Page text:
mag_y Scaling values of the characters to reach design size. If only one magnification
is given, x and y values are assumed to be equal. Default is mag_x = mag_y = 1.0.

A value between 1 and 254 defining a threshold for converting the internal graymap
into the output bitmap; lower values cut more pixels. Default value is 128.

A comment describing the font; default is none.

The number of subfonts to create. Default value is -1 for creating all fonts.

If ‘yes’, a two digit hexadecimal number will be used as a running number, starting
with the value of the first byte of the first code range. Default is ‘no’.

The minimum value of the encoding. You should set this value to get correct
subfile offsets if it is not identical to the lowest character code in the HBF

dpi_y The horizontal and vertical resolution (in dpi) of the printer. If only one
resolution is given, x and y values are assumed to be equal. Default is 300.

A checksum to identify the GF files with the appropriate TFM files. The default
value of this unsigned 32bit integer is 0.

coding A comment describing the coding scheme; default is none.

The destination directory of the PK files; default: none. Attention! The batch
file will not check whether this directory exists.

The destination directory of the TFM files; default: none. Attention! The batch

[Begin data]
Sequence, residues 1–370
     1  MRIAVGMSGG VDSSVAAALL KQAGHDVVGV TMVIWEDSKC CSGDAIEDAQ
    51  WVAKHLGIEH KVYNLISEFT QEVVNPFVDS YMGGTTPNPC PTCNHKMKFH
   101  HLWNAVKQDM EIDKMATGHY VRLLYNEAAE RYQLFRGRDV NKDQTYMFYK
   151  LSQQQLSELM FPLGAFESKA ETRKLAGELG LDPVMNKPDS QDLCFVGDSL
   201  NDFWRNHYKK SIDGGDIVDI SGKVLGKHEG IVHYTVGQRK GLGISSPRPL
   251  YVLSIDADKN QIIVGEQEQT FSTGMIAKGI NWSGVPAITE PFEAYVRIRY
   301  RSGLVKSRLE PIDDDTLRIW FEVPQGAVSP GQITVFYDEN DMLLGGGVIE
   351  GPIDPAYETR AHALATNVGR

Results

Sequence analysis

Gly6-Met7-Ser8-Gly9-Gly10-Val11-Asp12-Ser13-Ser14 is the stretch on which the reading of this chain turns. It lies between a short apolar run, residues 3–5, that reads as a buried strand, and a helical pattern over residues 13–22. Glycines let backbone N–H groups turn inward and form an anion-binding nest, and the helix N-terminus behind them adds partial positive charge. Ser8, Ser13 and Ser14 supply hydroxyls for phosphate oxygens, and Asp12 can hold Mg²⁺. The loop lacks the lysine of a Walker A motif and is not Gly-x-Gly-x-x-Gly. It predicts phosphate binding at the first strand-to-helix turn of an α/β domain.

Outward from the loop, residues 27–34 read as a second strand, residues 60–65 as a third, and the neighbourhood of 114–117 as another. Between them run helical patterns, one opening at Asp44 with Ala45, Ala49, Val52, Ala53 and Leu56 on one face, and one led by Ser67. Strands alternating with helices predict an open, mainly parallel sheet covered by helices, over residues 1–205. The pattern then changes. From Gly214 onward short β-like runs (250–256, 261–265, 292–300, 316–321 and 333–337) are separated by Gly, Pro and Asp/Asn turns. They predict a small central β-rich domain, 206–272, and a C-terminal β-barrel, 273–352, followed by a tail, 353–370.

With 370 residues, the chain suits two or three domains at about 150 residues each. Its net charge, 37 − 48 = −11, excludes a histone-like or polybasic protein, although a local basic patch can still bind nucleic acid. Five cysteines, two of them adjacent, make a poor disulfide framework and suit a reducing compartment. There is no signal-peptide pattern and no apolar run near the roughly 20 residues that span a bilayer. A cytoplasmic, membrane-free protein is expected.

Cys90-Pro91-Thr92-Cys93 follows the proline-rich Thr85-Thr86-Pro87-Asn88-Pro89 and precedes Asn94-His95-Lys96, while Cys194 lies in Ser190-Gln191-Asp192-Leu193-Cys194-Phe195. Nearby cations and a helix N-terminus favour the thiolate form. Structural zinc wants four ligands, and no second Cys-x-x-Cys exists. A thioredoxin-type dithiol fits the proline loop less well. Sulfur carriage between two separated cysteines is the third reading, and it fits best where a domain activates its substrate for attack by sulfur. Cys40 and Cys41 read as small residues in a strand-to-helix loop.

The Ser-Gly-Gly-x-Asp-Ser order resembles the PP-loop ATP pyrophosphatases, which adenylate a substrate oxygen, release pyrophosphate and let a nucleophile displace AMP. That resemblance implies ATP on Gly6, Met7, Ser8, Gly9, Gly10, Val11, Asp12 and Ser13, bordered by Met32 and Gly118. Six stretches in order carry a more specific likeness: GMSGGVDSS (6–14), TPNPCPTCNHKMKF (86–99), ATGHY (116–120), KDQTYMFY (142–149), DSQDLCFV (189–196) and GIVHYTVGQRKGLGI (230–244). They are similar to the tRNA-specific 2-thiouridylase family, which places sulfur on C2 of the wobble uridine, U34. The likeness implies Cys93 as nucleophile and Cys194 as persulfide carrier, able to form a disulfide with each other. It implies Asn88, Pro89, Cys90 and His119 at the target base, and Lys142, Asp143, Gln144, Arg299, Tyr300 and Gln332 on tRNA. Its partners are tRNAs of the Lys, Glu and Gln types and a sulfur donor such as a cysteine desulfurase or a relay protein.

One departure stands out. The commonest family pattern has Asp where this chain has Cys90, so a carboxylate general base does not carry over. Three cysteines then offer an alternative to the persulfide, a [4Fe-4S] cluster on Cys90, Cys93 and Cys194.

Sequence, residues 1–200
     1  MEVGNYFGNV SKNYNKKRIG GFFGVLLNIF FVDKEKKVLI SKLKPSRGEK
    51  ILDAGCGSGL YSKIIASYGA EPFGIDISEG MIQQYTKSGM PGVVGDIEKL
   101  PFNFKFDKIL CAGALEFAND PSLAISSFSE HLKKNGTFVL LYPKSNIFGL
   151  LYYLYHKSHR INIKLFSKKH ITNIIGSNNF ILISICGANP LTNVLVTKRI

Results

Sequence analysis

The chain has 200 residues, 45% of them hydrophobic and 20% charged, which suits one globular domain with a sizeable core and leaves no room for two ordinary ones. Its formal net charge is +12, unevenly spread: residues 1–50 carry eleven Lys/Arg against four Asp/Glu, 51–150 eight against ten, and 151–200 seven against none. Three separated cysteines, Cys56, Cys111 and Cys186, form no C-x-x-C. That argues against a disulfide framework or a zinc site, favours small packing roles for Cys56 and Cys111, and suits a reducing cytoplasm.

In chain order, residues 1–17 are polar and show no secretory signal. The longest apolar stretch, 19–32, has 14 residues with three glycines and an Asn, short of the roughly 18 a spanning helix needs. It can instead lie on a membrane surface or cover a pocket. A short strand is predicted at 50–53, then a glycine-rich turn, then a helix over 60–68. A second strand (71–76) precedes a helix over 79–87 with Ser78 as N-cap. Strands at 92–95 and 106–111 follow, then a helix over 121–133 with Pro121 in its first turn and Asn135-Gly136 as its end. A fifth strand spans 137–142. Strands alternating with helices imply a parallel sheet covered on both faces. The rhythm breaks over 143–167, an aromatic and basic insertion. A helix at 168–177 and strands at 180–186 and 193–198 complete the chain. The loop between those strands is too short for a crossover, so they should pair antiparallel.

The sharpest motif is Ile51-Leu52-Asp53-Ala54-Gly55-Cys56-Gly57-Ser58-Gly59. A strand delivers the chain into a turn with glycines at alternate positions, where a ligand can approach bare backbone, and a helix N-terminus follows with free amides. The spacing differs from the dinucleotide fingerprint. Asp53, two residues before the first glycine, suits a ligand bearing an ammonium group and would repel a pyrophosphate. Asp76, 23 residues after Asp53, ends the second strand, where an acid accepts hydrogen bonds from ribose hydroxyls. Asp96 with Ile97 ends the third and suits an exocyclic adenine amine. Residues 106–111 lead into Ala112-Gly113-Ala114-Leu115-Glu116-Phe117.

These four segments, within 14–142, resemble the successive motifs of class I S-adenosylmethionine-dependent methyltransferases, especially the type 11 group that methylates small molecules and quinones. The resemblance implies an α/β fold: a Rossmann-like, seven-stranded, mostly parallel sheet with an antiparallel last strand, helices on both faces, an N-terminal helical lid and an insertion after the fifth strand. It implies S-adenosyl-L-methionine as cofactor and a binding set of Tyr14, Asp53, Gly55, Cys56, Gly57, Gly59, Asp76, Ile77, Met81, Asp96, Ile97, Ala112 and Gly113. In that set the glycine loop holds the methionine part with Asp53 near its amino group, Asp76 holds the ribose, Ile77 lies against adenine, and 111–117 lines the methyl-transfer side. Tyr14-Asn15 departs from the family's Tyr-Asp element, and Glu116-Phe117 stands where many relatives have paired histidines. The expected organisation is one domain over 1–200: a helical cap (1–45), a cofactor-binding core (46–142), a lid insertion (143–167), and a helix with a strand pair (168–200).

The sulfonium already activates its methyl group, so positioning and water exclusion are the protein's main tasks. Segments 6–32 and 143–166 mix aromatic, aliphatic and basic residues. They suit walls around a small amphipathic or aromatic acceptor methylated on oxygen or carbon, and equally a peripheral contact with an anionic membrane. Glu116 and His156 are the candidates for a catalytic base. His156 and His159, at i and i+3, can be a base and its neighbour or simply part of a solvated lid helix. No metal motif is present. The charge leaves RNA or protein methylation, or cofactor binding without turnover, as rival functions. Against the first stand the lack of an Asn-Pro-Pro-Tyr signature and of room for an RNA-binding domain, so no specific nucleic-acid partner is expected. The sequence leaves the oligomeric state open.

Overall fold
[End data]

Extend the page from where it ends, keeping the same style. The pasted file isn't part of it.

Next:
file will not check whether this directory exists.

Whether to create PK files or not; default is ‘yes’.

Whether to create TFM files or not; default is ‘yes’.

Whether to create an OPL file or not; default is ‘no’. The batch file will then
use ovp2ovf of the Omega distribution to convert it into an OFM and an OVF file.
The OPL file simply maps all subfonts back to a single Omega font.

If ‘yes’, PK files will include the resolution in the extension (e.g.
gsso1201.300pk). This affects the batch file only (default is ‘yes’).

The shell command to remove files; default: ‘rm’.

The shell command to copy files; default: ‘cp’.

The extension of the batch file which calls gftopk and pltotf to convert the GF and
the PL files into PK and TFM files respectively; default is none.